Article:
Tiny Java and the Challenges of Entrepreneurship

Retail Insights with Harper Grey

This week the articles on the Signs.com blog have been all about home-based entrepreneurship. Brad Manuel’s guest article on Monday told us about Nothing Knew, the business he started from his home in order to keep track of his three busy teenagers. On Tuesday, our copywriter Catherine interviewed the owner of Pear Tree Preschool. Libby Monson’s in-home business allows her to spend the day with her four-year-old and be finished with work in time to care for her two school-aged boys. On Wednesday, Catherine shared seven of the traits she’s seen time and again while interviewing successful small business owners.

Catherine has obviously learned a lot from those interviews. And in fact, she’s recently started an in-home business with her husband, Jan. Since she won’t write about herself, I thought I’d turn the tables on her and interview her for a change.

OK, so you already have a full-time day job at Signs.com. Why start a business at home, too?

It was really my husband’s idea. We both dream of early retirement and I recently started paying back some fairly hefty student loans. We’d like to retire in about ten years, but we definitely need to make some additional cash during that time to pay off debt and save toward our goal. We figured we could either get second jobs or start our own business. Since neither of us wanted someone else dictating how we spent our evening hours, we thought a business would be perfect.

So let the cat out of the bag already. What’s the business?

Tiny Java Lattice Cups It’s called Tiny Java. We hand paint espresso cup and saucer sets and sell them on our website. We found that we love designing and painting so much that we’re working on a second business, Tiny Tableware, that offers hand painted tea sets for children.

We came up with the idea by thinking of instances where we couldn’t find what we wanted. When we got our espresso machine a few years ago, we wanted some cute cups. There are tons of great designs out there for coffee cups, but the only espresso sets we could find were either clear glass or white. Boring.

I’d also recently looked for a ceramic tea set for a friend’s daughter. Most ceramic sets have teeny little cups that can’t be actually used to drink from. The sets that are more functional are all plastic. I had really wanted something special, but I simply couldn’t find it.

Once we identified those wants/needs, we did some research online to determine if other people were looking for the same things. We also ran the ideas past a bunch of other people and the response was positive. So we figured we didn’t have much to lose.

Why did you choose to operate the business from home?

Handmade espresso cups and tea sets are very niche products. We can offer them online and only need a tiny percentage of people to look for them. And, we wanted flexibility. We don’t need to be home to care for small children, but we’re kind of spoiled; if we want to go to dinner and a concert, we want to just go. If we had a retail space, we’d be stuck at the shop.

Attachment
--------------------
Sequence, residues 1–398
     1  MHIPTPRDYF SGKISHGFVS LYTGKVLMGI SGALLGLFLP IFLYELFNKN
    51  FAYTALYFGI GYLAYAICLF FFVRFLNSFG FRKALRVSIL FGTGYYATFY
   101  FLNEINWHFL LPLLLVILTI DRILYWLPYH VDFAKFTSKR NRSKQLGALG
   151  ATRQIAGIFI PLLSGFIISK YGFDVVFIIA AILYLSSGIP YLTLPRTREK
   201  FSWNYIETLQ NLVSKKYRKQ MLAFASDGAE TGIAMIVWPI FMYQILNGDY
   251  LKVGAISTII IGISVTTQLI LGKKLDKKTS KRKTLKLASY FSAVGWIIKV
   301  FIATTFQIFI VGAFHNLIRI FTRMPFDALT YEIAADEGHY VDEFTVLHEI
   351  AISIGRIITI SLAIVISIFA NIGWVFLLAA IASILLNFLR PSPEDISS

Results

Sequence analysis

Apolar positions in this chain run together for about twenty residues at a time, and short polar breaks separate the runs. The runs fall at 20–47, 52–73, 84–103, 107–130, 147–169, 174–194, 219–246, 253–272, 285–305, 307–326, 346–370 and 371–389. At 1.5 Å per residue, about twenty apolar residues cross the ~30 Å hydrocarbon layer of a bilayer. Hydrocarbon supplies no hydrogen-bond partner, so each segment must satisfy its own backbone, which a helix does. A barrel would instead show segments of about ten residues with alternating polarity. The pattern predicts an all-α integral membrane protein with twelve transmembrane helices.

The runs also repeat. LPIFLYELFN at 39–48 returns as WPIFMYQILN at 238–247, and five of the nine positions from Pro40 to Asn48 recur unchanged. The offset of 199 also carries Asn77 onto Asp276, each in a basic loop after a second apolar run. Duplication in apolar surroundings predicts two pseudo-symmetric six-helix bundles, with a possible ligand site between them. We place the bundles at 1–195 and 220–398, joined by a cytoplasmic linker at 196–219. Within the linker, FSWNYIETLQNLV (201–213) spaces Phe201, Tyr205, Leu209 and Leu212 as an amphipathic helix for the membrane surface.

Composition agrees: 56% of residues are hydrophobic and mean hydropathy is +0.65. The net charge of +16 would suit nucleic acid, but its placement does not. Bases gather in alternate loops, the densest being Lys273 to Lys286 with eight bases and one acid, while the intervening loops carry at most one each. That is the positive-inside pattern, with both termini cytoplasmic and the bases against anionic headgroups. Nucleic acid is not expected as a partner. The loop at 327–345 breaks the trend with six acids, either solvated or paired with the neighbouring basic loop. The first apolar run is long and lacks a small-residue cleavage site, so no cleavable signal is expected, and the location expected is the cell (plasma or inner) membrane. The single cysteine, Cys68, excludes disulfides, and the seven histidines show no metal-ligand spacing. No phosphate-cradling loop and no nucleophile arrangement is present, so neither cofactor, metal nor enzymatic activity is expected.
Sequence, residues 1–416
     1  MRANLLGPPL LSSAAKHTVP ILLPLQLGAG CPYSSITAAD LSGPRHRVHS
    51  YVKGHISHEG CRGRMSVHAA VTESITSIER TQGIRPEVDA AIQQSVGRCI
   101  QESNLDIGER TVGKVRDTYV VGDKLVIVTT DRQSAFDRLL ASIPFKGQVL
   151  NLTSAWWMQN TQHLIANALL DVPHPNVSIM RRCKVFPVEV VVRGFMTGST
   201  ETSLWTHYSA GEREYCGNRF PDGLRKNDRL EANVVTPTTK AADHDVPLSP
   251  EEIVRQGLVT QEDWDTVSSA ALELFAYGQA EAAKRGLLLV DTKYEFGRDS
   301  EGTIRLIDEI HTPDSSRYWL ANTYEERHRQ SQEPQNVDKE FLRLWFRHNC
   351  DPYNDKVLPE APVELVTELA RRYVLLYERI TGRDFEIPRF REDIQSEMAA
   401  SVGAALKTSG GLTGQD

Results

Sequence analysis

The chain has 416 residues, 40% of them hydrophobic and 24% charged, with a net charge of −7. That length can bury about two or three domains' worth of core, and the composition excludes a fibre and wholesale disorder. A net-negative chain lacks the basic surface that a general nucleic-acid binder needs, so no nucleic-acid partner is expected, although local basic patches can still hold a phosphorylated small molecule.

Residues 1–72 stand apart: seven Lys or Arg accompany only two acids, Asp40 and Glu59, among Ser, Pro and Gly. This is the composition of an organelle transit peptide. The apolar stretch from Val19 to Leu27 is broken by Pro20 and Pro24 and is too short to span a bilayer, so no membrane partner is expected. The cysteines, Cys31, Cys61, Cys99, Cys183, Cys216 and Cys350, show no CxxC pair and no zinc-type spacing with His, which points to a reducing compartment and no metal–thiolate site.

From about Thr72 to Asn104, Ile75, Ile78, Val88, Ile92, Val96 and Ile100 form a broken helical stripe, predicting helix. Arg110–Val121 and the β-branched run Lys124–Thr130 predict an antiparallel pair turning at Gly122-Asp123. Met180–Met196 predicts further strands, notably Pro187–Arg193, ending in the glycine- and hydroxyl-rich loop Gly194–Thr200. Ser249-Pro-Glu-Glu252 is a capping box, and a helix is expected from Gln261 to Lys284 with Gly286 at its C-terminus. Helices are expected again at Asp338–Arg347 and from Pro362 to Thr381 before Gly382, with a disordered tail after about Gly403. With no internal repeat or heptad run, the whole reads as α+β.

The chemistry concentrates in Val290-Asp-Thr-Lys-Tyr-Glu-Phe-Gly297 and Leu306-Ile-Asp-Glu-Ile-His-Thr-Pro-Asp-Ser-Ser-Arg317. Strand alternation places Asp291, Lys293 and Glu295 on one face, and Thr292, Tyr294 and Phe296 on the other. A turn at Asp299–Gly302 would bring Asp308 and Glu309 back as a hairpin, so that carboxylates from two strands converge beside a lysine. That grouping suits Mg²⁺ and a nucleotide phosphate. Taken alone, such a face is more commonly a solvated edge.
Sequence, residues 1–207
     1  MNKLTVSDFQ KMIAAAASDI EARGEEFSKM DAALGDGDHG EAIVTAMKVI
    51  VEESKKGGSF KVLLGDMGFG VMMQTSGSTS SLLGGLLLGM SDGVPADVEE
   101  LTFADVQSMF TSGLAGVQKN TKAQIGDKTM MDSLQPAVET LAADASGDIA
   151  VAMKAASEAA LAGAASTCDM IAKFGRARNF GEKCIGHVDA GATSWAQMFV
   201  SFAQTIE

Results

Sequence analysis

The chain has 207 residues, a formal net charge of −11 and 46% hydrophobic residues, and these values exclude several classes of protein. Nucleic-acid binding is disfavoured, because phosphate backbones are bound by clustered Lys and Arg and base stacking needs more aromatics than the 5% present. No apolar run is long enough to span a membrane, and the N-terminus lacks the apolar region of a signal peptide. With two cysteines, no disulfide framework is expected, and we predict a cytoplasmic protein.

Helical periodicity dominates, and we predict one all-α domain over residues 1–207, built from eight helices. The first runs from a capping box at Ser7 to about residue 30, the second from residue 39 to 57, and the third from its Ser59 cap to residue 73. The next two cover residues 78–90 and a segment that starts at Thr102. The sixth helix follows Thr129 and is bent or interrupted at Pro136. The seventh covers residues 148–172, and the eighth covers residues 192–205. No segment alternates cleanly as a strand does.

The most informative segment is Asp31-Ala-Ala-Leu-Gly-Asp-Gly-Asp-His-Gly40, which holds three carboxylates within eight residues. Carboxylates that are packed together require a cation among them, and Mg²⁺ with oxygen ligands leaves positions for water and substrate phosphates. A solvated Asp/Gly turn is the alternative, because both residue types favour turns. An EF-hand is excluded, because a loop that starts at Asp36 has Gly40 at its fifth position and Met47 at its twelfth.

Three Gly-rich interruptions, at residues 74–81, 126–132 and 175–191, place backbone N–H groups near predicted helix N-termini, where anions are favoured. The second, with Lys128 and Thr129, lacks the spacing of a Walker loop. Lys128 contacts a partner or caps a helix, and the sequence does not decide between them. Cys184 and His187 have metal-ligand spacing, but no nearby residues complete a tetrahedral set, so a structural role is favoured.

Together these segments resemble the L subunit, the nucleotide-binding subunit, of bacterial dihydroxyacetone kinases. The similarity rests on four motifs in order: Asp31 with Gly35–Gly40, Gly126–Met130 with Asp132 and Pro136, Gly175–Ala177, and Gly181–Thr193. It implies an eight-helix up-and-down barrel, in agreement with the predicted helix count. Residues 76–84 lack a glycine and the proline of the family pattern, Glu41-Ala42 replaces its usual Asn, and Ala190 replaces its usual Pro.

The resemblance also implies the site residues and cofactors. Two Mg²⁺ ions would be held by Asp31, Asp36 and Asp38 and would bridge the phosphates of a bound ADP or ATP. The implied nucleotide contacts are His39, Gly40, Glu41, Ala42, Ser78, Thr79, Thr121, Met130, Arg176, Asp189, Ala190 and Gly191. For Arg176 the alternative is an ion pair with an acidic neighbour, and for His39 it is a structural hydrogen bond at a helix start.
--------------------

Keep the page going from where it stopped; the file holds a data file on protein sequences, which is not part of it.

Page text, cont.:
The other draw with an Internet business is that the overhead is extremely low. If we never sell an espresso cup, we’re not out much money. A whole lot of time. But not a bunch of money, at least.

Tell us about the ups and downs of getting the business started.

Others make it look so easy to start a business, but I suspect maybe they’re just faking it ‘til they make it. We had some real challenges in the beginning.

Tiny Java Kiln

We had decided to hand-paint our espresso cups. Neither of us had any real experience, but I’d taken my daughter to a ceramic painting studio several times and we’d had fun painting the bisque. We figured we could buy a kiln, some bisque and paints and be on my way. We had a vague idea of what the process entailed and we pretty much just jumped in.

We got a great deal on a used kiln, but it doesn’t have an electronic controller, so we had to go through a lot of trial and error to learn how to fire our pieces properly. That took a couple weeks.

Just as we had the firing process figured out, the kiln started acting up. The top section wouldn’t heat all the way, and several pieces were ruined when we attempted to re-fire them. Now we’re just using the bottom two-thirds of the kiln until we can upgrade, but in the meantime, we had to adjust settings again to get the right temperatures. Another few weeks in trial and error.

We went through four different types of glaze before we found one that worked. It turns out that glaze is a tricky thing—potters and ceramists spend months finding the right product for their needs and learning how to apply it properly. It took us months and each time we tested a glaze that didn’t work, we ruined another batch of product.